How To Totally Beat Procrastination Once And For All
Being a former compulsive procrastinator, I know how hard it can be at times to get things done and how hard it can be to motivate oneself to complete any task, whether it was assigned to us, or self appointed.
I believe that writing things down plays a big part in overcoming the bulky tasks that might come your way. It has to be a conscious process in order for it to be effective.
To elaborate: Writing a task list on the Monday of each week to plan your weeks activities is a fantastic way of showing your mind that even though you may have a lot to do, tackling one task at a time makes them much more digestible. The trick is to trick the mind!
It’s like when you have to study for an exam; because your mind thinks that you have to read an entire book to prepare for the exam, straight away the body and mind give up before you’ve even started! Your mind is saying ‘lets do this’ and you body is going off to do something totally different!
Straight away, you’ve caused yourself a problem by bombarding yourself with a massive task. The best way to overcome this is to break down the task into much smaller chunks and then give yourself a reward when you’ve completed each stage. E.g. “I’ll read for half an hour and when I’m done I’ll go grab a coffee and relax for 10 minutes.”
The tough part is knowing how to get back to doing what it is that you need to do. Keep your task list with you! I write mine down on an A4 sheet of paper and keep it in my wallet or shirt pocket so that I can refer to it regularly.
Repeat the process from the beginning, set yourself a small goal, say 30 40 minutes of solid or reading or whatever the task may be, and then reward yourself with a short break. KEEP REFERRING BACK TO YOUR TASK LIST! The key here is to trick yourself into thinking that the task that lies ahead of you is only a short one and once you’ve completed that short term goal, give yourself a small reward.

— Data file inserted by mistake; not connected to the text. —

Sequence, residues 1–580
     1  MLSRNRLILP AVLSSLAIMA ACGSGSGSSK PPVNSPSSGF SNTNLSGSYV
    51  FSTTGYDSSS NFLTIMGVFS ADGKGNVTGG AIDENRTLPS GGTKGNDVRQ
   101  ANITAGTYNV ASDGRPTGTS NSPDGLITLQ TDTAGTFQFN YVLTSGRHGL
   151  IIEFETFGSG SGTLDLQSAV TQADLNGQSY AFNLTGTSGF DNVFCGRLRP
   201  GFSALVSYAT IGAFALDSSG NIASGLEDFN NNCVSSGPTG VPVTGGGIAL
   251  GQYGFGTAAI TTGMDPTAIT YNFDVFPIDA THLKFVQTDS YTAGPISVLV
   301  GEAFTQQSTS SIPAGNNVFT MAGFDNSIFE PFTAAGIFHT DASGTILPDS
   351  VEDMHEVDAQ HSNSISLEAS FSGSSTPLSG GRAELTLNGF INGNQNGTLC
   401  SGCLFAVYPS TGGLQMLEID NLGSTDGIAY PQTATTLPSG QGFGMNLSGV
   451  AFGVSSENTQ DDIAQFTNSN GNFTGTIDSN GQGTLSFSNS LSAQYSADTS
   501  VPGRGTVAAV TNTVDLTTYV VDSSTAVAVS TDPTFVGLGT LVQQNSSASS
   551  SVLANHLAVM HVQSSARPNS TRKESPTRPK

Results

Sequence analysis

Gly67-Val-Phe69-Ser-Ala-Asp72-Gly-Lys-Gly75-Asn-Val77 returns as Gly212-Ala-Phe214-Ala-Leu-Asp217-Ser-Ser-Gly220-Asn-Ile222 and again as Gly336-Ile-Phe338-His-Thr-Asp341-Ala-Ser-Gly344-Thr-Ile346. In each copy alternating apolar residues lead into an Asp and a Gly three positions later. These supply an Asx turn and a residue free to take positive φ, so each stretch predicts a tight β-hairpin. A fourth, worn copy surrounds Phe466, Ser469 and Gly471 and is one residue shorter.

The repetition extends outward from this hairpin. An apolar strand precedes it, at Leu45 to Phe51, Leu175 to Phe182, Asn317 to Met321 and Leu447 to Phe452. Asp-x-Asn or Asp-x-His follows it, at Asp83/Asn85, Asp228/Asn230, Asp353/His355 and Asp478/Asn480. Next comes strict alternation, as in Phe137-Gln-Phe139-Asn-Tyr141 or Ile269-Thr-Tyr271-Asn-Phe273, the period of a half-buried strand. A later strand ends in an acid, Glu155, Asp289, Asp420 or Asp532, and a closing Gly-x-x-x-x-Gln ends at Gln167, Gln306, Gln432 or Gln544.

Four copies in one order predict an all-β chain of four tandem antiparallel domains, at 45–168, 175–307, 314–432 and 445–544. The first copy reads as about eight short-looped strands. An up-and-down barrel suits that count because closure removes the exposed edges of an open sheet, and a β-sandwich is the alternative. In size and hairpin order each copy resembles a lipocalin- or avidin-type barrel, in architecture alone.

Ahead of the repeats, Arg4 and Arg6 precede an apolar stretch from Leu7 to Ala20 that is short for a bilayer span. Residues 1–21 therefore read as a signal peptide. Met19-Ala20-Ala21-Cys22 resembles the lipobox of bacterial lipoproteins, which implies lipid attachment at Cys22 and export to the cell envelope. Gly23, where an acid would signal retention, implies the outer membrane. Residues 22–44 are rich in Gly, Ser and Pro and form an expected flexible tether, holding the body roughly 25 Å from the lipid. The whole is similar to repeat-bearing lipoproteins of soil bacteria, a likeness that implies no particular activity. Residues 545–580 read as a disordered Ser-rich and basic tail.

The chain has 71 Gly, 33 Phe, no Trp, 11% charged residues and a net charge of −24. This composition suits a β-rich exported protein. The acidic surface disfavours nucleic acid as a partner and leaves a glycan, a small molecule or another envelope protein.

I especially find this a fantastic method when it comes to the spring cleaning. I have a nasty habit of bombarding my mind with all the things that need to be done and then eventually I just give up because my body and mind get overloaded with requests and just cannot cope.
What you also need to do, is change the type of thoughts that you have when faced with a task. Think; “I choose to” as opposed to “I must” and “I can be successful if I…” instead of “I’ll never be able to”. The best way to do this is through meditation.
Spend some time in a quiet place that you find relaxing and maybe put on some music if you wish and begin the process of changing the less productive thoughts as illustrated above to more constructive and powerful ones. Thinking is a habit just as much as the way you drive or the way you style your hair. It is habitual and like anything else, can be changed, for the better, with conscious effort.
1. Keep a task list with you. A huge pad is probably not a good idea, use loose sheets of paper and scribble on it regularly. Of if you are a high tech bod tap it into a note on your iPhone or record a voice note. It’s too easy these days!
2. Cross tasks off one by one and only do one at a time. If one cannot be done, for whatever reason, move onto another quickly.
3. Reward yourself when you’ve completed tasks. Ask someone to do a bet with you that you’ll complete your tasks. If you do, they give you a reward like a massage or a free ride. If you fail, you owe them a forfeit! Make it fun!
4. Use meditation to get clarity on what really needs to be done and to keep you on track.
5. Update your list regularly and cultivate that habit until you no longer have to think about it.